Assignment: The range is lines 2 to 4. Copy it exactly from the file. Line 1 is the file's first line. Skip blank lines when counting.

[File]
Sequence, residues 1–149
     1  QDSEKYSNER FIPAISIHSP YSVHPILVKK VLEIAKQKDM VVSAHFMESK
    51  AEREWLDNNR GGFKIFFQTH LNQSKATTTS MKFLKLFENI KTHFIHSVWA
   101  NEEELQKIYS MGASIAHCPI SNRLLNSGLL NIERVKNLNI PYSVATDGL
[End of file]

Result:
     1  QDSEKYSNER FIPAISIHSP YSVHPILVKK VLEIAKQKDM VVSAHFMESK
    51  AEREWLDNNR GGFKIFFQTH LNQSKATTTS MKFLKLFENI KTHFIHSVWA
   101  NEEELQKIYS MGASIAHCPI SNRLLNSGLL NIERVKNLNI PYSVATDGL